Admission is free but there is a small charge for the park and ride service since there is no parking in Dunster for the evening. Visitors will also be able to arrive at Dunster by Candlelight on a special Christmas train operated by the West Somerset Steam Railway, which runs from Bishop’s Lydeard, near Taunton to Minehead but pre-booking is essential.

For further details about Dunster by Candlelight visit

Details about other places to visit on Exmoor and accommodation suggestions can be found on

Christmas Crafts are delightful!

Rochdale business Craft Delights is kick starting the Countdown to Christmas on Thursday 4 October from 7pm – 9pm with a Christmas Craft Evening at the Urban Gallery, Meadowcroft Mill, Bury Road, Bamford, UK.

There will be craft materials on sale for card makers and scrapbookers as well as ceramic crafts to decorate and personalise as gifts.  There will be plenty of craft project ideas for stocking fillers and for children and for the not as creative, ready made gifts and cards.  All are welcome, entry is free and there will be refreshments. 

Anyone wanting to have a go at making their own cards for the first time is also encouraged to come along and will be sure of a warm welcome with plenty of tips of how to get started.

Craft Delights, run by Castleton based Ruth Percy, will also be celebrating its first birthday after a year of successful trading.  Ruth decided to set the business up after working in marketing for ten years.  She has a permanent display at the Urban Gallery and also sells on the internet.  As well as the business, she still works part-time for Sure Start in Rochdale. 

Ms Percy said: “On the day of the fair, it will be only 79 days to Christmas.  Card makers usually start around now to make enough cards for Christmas, so we are offering the opportunity to stock up on this year’s festive craft delights!  Christmas is my favourite time of the year, so I am looking forward to kick starting the season early with follow crafters.”

A diamond occasion for town Christmas

Posted On September 20, 2007

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There will be extra reason to celebrate the festive season in Grange, UK, this year when the town’s giant illuminated Christmas tree reaches a major landmark.

The giant red cedarwood tree in Grange’s Ornamental Gardens has been lit with colourful festive illuminations every year since 1947. This year marks the 60th anniversary of the pride of Grange being lit by electricity.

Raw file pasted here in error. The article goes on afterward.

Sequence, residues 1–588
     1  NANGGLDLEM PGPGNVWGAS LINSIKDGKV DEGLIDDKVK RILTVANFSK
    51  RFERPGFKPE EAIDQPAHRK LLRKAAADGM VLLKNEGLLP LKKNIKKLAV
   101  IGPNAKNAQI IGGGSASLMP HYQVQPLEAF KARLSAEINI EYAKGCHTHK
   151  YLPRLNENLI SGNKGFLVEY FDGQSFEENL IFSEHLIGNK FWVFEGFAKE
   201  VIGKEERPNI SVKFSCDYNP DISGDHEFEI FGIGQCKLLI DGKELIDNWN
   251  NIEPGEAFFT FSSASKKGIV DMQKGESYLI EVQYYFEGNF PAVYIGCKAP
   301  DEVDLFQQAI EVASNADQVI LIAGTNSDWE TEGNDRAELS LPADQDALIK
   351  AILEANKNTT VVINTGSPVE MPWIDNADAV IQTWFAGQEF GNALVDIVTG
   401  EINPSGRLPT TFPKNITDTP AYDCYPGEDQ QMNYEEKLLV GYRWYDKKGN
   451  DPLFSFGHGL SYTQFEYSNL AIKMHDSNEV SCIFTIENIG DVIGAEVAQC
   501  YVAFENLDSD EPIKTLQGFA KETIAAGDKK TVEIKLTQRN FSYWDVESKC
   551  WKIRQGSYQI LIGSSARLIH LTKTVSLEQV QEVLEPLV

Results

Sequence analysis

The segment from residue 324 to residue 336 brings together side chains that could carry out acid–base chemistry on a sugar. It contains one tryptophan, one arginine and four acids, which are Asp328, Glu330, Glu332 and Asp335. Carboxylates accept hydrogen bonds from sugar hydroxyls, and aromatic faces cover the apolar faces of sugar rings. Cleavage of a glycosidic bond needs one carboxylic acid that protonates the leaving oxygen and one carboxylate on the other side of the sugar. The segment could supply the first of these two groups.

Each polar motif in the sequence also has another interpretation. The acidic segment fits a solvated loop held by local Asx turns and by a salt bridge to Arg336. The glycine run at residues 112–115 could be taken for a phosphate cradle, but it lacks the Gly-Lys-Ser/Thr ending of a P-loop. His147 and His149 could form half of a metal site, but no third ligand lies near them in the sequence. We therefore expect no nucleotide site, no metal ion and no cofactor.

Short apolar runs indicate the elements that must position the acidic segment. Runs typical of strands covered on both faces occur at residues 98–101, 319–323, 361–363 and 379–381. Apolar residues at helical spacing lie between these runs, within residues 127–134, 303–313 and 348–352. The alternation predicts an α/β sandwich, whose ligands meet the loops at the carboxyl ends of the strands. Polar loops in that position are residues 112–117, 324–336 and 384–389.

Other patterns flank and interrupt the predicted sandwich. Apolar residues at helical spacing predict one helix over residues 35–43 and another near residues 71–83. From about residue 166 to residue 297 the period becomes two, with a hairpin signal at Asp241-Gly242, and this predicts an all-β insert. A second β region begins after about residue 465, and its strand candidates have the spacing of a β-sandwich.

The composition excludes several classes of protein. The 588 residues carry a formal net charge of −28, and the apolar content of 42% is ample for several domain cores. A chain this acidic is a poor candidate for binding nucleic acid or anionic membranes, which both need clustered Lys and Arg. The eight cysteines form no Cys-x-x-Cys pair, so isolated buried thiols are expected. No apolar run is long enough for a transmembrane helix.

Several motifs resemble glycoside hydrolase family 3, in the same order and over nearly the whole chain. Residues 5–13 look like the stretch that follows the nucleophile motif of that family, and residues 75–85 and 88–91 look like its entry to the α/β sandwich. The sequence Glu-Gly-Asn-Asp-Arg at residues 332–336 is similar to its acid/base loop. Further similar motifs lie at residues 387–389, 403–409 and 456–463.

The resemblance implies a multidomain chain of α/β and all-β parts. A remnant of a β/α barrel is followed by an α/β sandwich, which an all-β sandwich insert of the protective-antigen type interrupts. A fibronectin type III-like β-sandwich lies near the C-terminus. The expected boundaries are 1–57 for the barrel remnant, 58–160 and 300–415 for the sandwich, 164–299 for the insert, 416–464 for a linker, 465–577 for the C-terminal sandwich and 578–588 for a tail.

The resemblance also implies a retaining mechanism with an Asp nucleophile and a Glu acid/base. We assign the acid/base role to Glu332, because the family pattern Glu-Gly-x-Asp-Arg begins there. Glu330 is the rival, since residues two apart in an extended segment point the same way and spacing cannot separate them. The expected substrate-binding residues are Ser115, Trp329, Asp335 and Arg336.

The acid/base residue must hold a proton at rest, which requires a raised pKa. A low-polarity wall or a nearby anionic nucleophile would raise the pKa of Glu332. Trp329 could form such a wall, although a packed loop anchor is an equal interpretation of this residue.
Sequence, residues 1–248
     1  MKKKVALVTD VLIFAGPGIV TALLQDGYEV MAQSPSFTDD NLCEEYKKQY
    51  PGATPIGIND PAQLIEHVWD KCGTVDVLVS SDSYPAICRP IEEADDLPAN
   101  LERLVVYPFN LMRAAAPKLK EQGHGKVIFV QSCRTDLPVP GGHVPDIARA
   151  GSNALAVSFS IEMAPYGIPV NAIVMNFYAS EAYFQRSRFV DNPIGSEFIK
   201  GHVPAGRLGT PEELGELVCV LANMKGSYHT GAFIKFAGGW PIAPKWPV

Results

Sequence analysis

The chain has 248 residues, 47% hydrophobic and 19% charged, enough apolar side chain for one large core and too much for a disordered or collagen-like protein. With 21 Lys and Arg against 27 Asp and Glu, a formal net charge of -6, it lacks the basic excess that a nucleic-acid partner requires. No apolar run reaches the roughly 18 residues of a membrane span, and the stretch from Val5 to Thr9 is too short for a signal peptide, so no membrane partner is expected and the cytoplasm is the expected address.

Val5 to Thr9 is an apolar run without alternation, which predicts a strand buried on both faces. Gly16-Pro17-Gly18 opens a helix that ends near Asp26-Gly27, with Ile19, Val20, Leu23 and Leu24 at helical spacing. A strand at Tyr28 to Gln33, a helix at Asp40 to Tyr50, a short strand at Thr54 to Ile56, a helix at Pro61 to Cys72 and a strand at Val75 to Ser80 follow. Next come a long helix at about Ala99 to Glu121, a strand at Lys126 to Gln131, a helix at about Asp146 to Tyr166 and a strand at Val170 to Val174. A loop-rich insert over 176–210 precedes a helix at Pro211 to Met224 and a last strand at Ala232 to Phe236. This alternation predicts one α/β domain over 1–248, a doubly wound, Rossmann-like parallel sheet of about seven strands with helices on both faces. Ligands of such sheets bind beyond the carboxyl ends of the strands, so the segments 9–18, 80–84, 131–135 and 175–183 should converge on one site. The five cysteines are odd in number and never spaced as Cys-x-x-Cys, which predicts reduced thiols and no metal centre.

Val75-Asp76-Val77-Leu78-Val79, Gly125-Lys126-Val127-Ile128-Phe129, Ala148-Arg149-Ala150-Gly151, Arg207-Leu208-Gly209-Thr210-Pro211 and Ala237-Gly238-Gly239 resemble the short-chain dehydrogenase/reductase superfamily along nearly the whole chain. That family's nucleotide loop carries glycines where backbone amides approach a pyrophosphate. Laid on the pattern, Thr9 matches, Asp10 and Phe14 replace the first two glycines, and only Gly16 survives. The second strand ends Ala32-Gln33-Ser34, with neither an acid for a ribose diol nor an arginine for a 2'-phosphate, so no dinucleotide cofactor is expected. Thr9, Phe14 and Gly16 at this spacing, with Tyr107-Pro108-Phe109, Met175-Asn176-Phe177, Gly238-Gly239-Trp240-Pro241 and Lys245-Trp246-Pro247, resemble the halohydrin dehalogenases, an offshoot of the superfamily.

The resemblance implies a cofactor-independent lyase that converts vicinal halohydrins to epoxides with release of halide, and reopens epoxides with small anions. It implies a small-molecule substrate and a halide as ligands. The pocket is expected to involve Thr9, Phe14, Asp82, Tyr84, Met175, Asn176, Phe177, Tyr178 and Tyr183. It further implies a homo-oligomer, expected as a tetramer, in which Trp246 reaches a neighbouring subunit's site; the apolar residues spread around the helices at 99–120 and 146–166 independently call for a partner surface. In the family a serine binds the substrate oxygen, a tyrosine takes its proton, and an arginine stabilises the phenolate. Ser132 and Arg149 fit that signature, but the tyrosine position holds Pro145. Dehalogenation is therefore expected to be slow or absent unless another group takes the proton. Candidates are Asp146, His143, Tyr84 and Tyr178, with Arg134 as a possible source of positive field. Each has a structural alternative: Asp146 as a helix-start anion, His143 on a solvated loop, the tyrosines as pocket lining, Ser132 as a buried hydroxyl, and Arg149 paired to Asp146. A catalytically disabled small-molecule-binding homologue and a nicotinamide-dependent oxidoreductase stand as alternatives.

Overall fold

Until two years ago the Grange tree held the record for being Britain’s biggest living Christmas tree. But Councillor Robin Webster, Chairman of Grange Christmas Tree Lights Committee, said it’s now lost that record to a tree in Kew Gardens. “About two years ago the tree was featured in Gardeners’ World magazine, which told readers Grange has the tallest living Christmas tree in the UK. People at Kew Gardens must have read that article and now they have a bigger tree lit up with lights each Christmas.”

Nevertheless extra special celebrations will be taking place in Grange to mark the diamond anniversary, explained town Mayor Councillor Robert Leach. He told Monday’s town Council meeting: “The Christmas tree lights committee met to make the arrangements for the switch on on the first Saturday in December. This will be our diamond jubilee year. It’s 60 years since we started having the tree lit. We are hoping to make it a night to remember.”

Standing at 73ft 11ins, the giant red cedarwood, is believed to be only the second tree in the country lit by electricity. The cost of the Christmas tree lights festivities in Grange are met each year by Grange town Council, local businesses and individual donations.

According to Gardeners’ World the western red cedar, Thuia plicata, is unrecognisable as the conifer often seen grown as a hedge, but still has a long way to go as it can reach a whopping 115ft (35m) high in the wild.

Expatriates hold Eid, Christmas celebrations

A ceremony was held as part of the New Year, Eid al-Adha and Christmas celebrations at the Indian Cultural Centre on Friday. The ceremony was organised by Friends of Thrissur, a body of expatriates hailing from Indian state of Kerala.

Indian Ambassador Dr George Joseph inaugurated the ceremony by lighting a traditional lamp and cutting a cake. The inaugural ceremony was followed by a host of cultural activities. Salim Pavaratty and Aiswarya Murali entertained the audience with an array of popular Hindi and Malayalam songs.

Munner and Rasheed Kettungal followed it up with some Mappila songs. T M Nandakumar and Gini Francis rendered some old Malayalam songs. “Ranga Pooja” was the first of the series of dances performed on the occasion. Nina Chandran, Chandhini Krishna, Kinda, Sara Kuruvilla and Rajesh were the members of the team that staged “Ranga Pooja”. Akshai Bhasi, Aswin Suresh, Alfred Joseph and Sreethi Pushpan performed a cinematic dance. A team of Jasika, Joyal, Jereeka, Jacquiline and Jovanna presented a semi-classical dance.

At the meeting that held before the cultural show, the forum patron David Edakalathur issued its identity cards to members. Friends of Thrissur chief T V Brahmaduttan Thalikullam chaired the meeting. Shahul Panickaveettil welcomed the gathering and Johnson C Ukken proposed a vote of thanks.